Sra. Poskitt Helps Her Students Turn Trash into Smiles
Dana Poskitt is a Spanish teacher at the International Polytechnic High School (IPOLY) in Pomona, CA. She is also the founder of Project Smile, a club where students turn their trash into smiles by donating the money they earn from redeeming their recyclables to Smile Train. Below, she shares how Project Smile started and how it got her students, school, and community fired up about the power they each have to do good.
It all began in 2008, at my sister's house. I was hanging out in her living room, perusing through a magazine, when, in the bottom-right corner, I saw an ad for Smile Train. Yes, it was 13 years ago and this memory is so vivid that I still remember that it was in the bottom-right corner of the magazine. It was a picture of a child with a cleft before and after surgery. No less evocative for me than the picture were the numbers: I could change a child's life this dramatically for $250.
It all came together then in a flash. In California, you get a full cash refund for the value of your recyclables, so I decided I would save up the money I collected from my recycling to change the life of one child in need of cleft surgery. I also placed a plastic box in my classroom for students to throw their recyclables into. Empty cans and plastic bottles trickled in for a few months, until a student randomly asked, "Señora Poskitt, what do you do with the money from the recycling?"
I showed them a picture of a child with a cleft and told them I was raising enough to fund the surgery this child needs to thrive through Smile Train. They jumped right on board! Those nickels and dimes really add up, and we hit my $250 goal in no time. Three months later, my students and I were amazed when Smile Train sent us a before-and-after photo of a girl in Peru who could now smile thanks to us.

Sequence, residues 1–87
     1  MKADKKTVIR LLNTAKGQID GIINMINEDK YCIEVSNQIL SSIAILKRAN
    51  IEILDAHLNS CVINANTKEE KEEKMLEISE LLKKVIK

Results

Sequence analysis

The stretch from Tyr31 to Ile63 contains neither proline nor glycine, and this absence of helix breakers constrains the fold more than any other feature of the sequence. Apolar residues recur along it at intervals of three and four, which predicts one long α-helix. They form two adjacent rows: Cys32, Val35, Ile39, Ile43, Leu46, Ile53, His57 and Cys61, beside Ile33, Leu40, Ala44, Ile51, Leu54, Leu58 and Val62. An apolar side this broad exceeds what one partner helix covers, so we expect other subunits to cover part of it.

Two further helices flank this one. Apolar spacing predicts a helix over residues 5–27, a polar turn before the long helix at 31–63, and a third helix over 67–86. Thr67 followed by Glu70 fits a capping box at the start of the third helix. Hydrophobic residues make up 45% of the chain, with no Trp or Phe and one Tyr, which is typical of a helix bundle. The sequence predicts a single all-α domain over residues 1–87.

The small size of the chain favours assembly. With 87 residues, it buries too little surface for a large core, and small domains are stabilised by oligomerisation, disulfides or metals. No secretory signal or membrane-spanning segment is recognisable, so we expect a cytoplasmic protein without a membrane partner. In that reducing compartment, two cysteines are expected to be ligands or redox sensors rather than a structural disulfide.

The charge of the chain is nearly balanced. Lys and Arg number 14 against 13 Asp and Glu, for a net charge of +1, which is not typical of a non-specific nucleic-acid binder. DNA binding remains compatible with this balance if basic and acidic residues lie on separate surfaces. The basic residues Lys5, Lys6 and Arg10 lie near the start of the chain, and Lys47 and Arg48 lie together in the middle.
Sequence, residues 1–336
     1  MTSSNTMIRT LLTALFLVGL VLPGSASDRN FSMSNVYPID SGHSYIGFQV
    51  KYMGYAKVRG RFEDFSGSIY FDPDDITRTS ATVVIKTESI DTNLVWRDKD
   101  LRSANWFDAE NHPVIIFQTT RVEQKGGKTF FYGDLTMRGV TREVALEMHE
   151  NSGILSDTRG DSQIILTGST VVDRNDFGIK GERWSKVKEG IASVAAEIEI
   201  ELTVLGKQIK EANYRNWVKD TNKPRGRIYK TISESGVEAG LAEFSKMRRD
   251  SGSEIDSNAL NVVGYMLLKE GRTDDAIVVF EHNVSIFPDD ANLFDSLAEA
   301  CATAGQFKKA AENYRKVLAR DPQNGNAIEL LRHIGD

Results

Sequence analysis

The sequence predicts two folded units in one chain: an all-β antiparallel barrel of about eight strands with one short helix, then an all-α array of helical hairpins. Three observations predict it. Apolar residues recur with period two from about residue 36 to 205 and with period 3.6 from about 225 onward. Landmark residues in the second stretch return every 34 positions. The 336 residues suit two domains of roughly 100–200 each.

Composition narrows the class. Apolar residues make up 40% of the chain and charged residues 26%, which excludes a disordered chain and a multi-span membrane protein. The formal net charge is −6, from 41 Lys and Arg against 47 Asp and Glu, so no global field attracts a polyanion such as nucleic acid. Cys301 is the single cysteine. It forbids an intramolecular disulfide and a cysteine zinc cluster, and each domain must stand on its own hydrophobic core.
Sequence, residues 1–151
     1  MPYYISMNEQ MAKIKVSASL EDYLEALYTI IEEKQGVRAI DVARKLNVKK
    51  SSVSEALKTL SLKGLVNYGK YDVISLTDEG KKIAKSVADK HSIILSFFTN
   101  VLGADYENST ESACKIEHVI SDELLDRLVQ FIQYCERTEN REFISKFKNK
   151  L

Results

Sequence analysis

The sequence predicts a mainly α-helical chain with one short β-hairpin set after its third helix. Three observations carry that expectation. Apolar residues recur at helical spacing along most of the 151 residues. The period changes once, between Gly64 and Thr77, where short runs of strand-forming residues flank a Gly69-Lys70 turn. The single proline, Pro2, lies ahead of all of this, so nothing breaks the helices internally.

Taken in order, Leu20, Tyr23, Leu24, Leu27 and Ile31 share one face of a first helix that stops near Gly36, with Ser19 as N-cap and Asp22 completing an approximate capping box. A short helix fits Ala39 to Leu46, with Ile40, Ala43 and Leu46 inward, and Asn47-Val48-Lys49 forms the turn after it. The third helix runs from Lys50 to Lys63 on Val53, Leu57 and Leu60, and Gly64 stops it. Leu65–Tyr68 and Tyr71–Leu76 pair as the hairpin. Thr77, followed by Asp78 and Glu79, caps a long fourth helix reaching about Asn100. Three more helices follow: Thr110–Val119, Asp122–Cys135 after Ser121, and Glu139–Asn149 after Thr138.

Success Comes in Cans
Her story made this work personal for my students. Right then and there, they took ownership of this cause and started the Project Smile club to promote it more. Two years later, we had collected enough bottles and cans to fund two more cleft surgeries!
Since then, Project Smile has really taken on a life of its own. Many students get involved initially just to be in a school club… and then they attend the first meeting. They see photos and videos of children and families whose lives have been changed thanks to the work that Smile Train — and their fellow students — make possible. An hour later, they've decided to go all-in and get their families and communities involved, too. Project Smile has 90 members this year. When these 90 kids collect carloads of recycling in their communities, neighbors ask what's going on, then they, too, become excited to jump aboard and help as well.
To me, this is pure goodness. We're redeeming trash to save the planet and save the world one smile at a time.
Nuestro Viaje de Sonrisas